While Freud, arguably the foremost figure in psychoanalysis, held a relatively tolerant view towards homosexuality, he was convinced that cure existed and was essential for higher psychosexual development. After a failed attempt to convert an 18-year-old lesbian, he arrogantly dismissed her as a ‘man-hater’ and ‘feminist suffering from penis envy’. Such an absurd response was found in Anjana Harish’s case as well when a section blamed her involvement in feminism and Marxism as the cause of her death. Post Freud, largescale conversion therapy efforts persisted throughout the 40s until the end of the 60s. Many queer persons, who had likely internalized homophobia owing to little to no social support, sought such treatments voluntarily. To the proponents of conversion therapy namely Sandor Rado, Charles W. Socarides, and Lionel Ovesey, queerness was nothing but ‘pseudohomosexual feelings’, a result of ‘deficient adaptation’ and ‘female-dominated environment with a poor father figure’. Despite claims of limited success, historian Elise Chenier observes such cases were never satisfactorily documented.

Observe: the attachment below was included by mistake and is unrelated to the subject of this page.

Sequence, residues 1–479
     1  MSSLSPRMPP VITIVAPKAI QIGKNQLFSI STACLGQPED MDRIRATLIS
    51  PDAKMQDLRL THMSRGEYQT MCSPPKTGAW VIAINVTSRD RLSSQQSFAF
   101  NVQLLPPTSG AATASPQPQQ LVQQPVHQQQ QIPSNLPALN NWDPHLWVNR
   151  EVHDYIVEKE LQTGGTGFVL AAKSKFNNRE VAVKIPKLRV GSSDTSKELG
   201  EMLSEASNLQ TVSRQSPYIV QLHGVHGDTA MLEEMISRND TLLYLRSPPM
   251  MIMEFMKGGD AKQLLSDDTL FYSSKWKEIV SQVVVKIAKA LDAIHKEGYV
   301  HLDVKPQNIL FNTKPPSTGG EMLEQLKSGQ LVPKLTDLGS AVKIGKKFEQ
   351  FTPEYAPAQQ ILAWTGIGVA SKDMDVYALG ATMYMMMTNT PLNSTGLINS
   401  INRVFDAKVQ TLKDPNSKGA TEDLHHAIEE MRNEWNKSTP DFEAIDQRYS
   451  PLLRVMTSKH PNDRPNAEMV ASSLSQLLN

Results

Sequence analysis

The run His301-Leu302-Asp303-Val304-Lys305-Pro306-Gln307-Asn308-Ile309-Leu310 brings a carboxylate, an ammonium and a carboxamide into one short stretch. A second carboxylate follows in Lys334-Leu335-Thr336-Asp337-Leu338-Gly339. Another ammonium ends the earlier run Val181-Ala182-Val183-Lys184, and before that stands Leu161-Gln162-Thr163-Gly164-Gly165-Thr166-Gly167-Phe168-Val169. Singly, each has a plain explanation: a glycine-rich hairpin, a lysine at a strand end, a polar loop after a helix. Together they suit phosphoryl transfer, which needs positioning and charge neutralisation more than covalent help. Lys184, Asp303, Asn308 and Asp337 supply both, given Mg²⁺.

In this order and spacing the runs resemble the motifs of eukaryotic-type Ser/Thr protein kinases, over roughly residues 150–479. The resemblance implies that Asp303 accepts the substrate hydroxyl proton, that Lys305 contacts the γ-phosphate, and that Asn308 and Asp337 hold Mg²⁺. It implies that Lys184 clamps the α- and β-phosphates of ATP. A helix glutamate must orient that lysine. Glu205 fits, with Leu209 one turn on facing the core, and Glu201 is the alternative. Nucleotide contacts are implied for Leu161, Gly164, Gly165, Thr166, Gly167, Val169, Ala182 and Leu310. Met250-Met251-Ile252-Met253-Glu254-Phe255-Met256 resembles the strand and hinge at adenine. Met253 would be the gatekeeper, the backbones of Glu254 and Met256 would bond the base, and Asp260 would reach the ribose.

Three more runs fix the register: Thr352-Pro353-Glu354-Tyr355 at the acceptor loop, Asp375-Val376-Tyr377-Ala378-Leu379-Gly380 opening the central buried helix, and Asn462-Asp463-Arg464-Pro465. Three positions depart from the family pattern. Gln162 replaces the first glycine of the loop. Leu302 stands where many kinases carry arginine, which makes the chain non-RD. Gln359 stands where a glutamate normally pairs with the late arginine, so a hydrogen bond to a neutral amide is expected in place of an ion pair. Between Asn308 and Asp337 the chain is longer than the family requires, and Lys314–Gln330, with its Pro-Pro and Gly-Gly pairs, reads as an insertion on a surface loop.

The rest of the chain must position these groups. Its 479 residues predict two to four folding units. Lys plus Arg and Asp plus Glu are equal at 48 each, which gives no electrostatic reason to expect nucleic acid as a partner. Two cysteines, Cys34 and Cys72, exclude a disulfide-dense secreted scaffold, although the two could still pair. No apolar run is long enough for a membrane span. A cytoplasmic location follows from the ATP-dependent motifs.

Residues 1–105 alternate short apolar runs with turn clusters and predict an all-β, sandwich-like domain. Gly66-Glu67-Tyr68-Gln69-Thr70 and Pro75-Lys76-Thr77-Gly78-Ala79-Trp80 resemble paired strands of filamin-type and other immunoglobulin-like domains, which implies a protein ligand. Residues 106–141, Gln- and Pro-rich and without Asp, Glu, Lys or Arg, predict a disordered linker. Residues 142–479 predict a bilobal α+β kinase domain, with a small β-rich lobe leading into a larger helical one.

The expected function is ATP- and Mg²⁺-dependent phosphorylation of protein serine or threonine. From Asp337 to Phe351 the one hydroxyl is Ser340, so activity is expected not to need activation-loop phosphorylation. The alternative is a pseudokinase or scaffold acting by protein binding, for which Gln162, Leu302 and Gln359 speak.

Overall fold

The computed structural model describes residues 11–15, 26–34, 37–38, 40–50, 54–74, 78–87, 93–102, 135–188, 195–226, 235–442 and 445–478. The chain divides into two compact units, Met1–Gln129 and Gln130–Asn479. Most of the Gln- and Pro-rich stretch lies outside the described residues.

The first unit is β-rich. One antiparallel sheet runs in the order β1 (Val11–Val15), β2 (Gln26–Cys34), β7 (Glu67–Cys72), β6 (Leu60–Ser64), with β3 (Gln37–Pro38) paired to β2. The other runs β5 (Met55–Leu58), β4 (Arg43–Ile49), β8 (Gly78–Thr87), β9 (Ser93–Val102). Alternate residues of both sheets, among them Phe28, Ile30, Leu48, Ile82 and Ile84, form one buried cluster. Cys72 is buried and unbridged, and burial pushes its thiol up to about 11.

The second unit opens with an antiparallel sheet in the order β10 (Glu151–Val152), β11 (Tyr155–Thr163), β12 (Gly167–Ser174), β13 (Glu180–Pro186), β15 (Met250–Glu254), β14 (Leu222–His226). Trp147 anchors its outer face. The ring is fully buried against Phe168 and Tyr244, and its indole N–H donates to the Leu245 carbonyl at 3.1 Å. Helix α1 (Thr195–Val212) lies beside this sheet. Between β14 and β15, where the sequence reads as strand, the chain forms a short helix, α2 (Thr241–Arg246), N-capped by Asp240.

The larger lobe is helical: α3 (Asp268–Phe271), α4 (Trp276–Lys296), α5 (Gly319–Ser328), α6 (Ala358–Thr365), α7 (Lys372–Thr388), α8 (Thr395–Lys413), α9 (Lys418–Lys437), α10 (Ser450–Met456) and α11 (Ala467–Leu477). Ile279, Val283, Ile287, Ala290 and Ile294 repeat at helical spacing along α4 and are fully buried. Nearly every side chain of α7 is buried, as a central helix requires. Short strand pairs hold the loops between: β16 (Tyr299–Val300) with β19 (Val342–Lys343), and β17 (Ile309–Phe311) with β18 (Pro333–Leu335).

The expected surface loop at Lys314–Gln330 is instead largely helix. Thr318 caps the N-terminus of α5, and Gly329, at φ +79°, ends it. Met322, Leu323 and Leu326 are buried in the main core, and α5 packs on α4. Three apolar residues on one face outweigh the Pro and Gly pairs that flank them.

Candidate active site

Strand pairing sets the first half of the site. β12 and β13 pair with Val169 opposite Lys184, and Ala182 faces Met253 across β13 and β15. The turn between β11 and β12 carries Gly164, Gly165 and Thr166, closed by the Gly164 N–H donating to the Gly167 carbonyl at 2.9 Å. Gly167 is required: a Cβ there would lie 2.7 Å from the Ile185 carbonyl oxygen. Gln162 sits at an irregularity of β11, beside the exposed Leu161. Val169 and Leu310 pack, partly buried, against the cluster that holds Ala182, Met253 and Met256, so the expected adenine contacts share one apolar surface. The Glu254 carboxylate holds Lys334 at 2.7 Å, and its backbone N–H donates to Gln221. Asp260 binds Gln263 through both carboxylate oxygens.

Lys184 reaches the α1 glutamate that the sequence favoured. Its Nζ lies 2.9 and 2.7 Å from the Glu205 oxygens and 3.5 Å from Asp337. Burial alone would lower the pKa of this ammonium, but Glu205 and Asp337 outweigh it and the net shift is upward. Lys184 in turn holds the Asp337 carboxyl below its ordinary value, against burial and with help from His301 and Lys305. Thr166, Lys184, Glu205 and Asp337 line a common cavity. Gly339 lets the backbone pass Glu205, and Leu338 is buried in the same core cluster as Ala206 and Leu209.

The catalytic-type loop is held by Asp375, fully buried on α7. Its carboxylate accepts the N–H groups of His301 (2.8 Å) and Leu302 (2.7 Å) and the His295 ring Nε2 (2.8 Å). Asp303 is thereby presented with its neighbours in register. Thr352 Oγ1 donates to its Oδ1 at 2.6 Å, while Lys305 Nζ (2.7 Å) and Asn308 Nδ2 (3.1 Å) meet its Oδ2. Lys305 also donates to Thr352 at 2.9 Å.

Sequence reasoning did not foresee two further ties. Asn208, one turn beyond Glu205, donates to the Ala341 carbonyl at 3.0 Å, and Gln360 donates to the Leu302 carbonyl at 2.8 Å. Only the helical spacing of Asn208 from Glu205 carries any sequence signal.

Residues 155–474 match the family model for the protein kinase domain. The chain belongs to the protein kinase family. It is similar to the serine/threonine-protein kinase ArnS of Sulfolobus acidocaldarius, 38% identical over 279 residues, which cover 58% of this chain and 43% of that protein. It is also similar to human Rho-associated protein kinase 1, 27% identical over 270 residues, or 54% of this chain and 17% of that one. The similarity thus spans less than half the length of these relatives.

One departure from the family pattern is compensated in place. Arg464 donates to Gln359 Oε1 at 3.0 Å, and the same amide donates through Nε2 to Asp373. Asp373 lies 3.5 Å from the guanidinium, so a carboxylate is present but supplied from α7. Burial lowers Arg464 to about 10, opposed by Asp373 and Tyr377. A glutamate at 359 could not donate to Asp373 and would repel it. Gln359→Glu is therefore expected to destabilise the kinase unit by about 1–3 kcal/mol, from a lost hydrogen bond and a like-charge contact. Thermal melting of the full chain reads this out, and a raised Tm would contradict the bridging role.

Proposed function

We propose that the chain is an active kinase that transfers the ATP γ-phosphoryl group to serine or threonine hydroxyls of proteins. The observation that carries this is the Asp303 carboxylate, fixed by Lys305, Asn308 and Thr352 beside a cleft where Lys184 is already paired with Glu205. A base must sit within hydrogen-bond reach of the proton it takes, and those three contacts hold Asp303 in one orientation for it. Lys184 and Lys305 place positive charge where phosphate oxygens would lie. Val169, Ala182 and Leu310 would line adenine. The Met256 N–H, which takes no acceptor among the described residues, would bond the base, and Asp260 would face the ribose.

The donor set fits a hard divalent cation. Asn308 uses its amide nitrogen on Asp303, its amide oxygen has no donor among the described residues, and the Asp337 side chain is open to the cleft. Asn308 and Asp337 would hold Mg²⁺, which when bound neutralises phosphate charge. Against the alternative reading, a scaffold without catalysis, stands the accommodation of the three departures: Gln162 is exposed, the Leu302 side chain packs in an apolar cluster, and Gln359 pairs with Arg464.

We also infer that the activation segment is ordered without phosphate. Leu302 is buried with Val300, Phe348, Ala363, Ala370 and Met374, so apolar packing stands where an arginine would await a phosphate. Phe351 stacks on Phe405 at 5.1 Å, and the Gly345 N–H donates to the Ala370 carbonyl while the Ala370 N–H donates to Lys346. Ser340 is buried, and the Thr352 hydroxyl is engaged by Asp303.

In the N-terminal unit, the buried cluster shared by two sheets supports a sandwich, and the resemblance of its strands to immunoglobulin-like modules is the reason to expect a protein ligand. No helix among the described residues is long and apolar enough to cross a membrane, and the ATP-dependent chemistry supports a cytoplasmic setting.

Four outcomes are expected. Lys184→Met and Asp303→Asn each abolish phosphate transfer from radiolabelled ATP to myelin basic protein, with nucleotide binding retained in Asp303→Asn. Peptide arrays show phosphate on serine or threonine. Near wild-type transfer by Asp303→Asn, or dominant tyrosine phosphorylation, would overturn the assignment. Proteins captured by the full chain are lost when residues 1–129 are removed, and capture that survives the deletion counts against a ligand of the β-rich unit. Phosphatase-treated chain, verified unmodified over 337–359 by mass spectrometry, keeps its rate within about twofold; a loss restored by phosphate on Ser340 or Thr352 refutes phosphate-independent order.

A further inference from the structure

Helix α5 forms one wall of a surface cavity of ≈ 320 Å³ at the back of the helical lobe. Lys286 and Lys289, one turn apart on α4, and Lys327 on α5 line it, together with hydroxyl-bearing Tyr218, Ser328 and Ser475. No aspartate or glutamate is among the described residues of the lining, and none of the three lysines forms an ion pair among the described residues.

Fortunately, the queer rights movement in the West solidified over the years and received further push in 1973, when the American Psychiatric Association (APA) struck off homosexuality from the Diagnostic and Statistical Manual of Mental Disorders. While most medical and mental health practitioners began considering the therapy as unethical, there were psychologists like Joseph Nicolosi who continued to vouch for its effectiveness. Nicolosi went on to establish the National Association for Research and Therapy of Homosexuality (NARTH) in 1992, an organization that operates to date. Religious bodies, which usually dismissed psychoanalysis, became bedfellows with such psychoanalysts to further their queerphobia. Ex-gay ministries and gay conversion camps sprung up to isolate queer individuals from families and put them through a dehumanizing ordeal.